Drafting the First US Nomination to the UNESCO Slave Route Project: Nashville’s Fort Negley

The other day, I did something terrifying.  I gave my professional opinion as a historian in front of an overflowing room at a televised Parks Board Meeting. I had the honor of speaking about one of the most rewarding and illuminating things I have done for history in a while: completing the involved research for the nomination of a local landmark, the Union Civil War Fort Negley, to the UNESCO Slave Route Project. If accepted, Fort Negley will become the first US site, ever, to earn this monumental designation.

…which is a big deal, because the park that the Fort sits on is slated for a controversial development that has consumed local and state news for months. This meeting drew a huge crowd of people concerned about the sale of city land to private developers at the expense of this fort and its history.

My relationship with this fort is as long as my relationship to Nashville itself. When I first moved here in 2007, I lived in a house with a few others in the neighborhood of historic Edgehill. When grad school got stressful, I would climb up to the ruins of Fort Negley, and sit under one of the trees there, soaking up the peace and quiet. To be able to see Nashville’s skyline but not hear many of the city’s noises felt like a luxury.  I would daydream and doze and if I let my brain relax and I squinted just right, I could see the way the fort looked when it was first built.

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Interpretive marker for the African American Laborers who built Fort Negley, at the Fort Negley Visitors Center, sponsored by the Robert Penn Warren Center at Vanderbilt University.

The tree behind me would have still been a sapling. I pictured the soldiers, in sweat-stained blue union uniforms, pulling cannons up the hills, and the laborers digging ditches in the hot sun. I could imagine the charge of the Confederate army’s attempt to storm the hill, smell the burning gunpowder, and hear the scrambling of people and horses as they moved defenses into place. Before moving to the US, the Civil War was just a series of films for me, but at Fort Negley, it felt real for the first time. I felt a special sense of wonder about this secret jewel of a place hidden in plain sight.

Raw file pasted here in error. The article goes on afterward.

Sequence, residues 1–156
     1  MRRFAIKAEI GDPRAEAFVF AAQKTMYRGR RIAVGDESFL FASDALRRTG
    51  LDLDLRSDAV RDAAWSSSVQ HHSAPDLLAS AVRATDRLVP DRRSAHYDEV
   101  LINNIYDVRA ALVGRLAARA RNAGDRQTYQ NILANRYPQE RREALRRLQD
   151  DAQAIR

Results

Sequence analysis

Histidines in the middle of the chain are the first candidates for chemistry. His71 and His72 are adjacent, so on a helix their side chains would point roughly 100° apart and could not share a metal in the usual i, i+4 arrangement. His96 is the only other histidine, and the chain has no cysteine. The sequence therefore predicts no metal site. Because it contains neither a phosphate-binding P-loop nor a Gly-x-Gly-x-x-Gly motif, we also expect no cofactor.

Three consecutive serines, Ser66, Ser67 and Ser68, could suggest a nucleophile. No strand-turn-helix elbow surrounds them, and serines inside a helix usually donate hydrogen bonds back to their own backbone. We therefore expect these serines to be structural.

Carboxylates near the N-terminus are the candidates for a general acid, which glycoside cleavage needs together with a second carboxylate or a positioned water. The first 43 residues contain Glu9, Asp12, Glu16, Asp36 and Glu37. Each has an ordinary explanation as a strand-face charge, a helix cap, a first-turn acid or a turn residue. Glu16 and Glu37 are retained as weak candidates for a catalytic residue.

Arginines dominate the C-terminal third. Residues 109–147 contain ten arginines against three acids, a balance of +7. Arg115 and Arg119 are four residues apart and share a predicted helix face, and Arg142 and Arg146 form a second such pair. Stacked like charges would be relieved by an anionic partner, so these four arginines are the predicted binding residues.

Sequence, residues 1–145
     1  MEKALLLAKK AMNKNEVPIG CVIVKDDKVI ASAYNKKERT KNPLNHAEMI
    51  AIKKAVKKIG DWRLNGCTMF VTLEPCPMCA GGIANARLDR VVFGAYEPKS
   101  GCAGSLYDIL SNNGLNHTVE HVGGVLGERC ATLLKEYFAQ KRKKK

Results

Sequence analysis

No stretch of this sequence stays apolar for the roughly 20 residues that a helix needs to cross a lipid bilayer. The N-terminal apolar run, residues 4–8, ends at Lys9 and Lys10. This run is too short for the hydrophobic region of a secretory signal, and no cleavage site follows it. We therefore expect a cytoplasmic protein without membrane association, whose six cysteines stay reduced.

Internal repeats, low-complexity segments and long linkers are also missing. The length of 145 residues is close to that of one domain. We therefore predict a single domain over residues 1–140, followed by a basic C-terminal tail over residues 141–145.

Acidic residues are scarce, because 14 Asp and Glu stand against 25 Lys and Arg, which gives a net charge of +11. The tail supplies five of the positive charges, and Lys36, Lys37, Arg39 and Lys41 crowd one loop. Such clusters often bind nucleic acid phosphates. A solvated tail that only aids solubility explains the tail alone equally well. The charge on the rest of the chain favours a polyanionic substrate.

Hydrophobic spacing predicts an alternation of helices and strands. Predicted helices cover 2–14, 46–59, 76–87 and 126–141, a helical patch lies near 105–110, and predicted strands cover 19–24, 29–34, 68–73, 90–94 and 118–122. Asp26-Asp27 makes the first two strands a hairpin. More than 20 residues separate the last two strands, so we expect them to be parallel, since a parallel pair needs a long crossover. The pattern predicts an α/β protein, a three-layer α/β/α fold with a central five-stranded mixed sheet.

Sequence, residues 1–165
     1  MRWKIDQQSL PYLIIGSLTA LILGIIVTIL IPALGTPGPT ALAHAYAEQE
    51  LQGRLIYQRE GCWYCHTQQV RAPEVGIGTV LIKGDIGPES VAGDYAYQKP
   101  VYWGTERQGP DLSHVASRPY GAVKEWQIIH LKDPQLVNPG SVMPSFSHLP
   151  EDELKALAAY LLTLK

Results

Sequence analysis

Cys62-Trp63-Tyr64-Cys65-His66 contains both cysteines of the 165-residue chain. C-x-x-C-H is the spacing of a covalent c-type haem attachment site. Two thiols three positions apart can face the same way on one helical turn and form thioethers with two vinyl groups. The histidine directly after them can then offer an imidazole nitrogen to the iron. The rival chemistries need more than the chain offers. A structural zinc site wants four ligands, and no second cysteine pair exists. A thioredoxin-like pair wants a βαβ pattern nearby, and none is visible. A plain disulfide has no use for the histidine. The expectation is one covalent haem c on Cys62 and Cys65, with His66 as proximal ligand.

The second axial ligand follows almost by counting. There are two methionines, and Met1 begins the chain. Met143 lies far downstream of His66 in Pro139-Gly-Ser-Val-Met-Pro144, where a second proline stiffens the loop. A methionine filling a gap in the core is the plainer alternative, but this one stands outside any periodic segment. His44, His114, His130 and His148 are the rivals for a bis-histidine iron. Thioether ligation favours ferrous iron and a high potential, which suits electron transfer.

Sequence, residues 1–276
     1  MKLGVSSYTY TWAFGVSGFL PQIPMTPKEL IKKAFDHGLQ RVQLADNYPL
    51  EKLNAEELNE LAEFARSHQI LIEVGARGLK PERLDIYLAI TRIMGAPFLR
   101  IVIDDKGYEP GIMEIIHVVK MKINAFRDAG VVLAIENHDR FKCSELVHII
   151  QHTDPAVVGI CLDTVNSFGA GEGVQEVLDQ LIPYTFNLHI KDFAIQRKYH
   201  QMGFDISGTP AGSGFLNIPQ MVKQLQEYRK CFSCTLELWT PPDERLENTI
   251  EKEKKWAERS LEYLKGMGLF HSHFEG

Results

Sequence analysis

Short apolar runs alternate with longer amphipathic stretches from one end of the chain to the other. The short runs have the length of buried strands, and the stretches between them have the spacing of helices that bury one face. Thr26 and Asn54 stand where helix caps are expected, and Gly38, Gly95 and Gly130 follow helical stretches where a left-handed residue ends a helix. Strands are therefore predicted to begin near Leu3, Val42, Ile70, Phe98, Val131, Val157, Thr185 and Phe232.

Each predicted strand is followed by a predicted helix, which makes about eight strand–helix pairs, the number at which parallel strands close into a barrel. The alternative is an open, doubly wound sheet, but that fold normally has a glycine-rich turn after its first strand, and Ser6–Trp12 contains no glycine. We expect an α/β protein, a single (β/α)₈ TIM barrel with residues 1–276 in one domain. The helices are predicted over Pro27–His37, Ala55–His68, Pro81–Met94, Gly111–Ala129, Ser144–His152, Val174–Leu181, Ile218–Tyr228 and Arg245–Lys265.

At the time I was only 23. I had an undergraduate degree in history and religious studies, and a year of museum work under my belt. With even that limited experience in public history, it struck me as odd that the city had not made more of such an important place. Where were the historical interpreters? The tours? Merchandise? Displays for all the artifacts found? Why wasn’t there a twice-daily reenactment for tourists?

It wasn’t until I completed my PhD in history at Vanderbilt in 2014 that I understood how Fort Negley, a union stronghold built by conscripted and escaped slaves, and defended by the US Colored Troops, had been allowed to purposely languish by the same people in this city who continue to try to rewrite history.
Continue reading “Drafting the First US Nomination to the UNESCO Slave Route Project: Nashville’s Fort Negley”

The Research Connection

Think back: when did you learn how to do research?

You know, that process of going to the library sometime in your elementary or secondary or college education to learn about some topic so you could write a paper about it. I remember my first research paper ever, in Miss M’s third-grade classroom. She listed all the available topics on one of those clear sheets she could display with the overhead projector, then went around the room allowing us the chance to choose.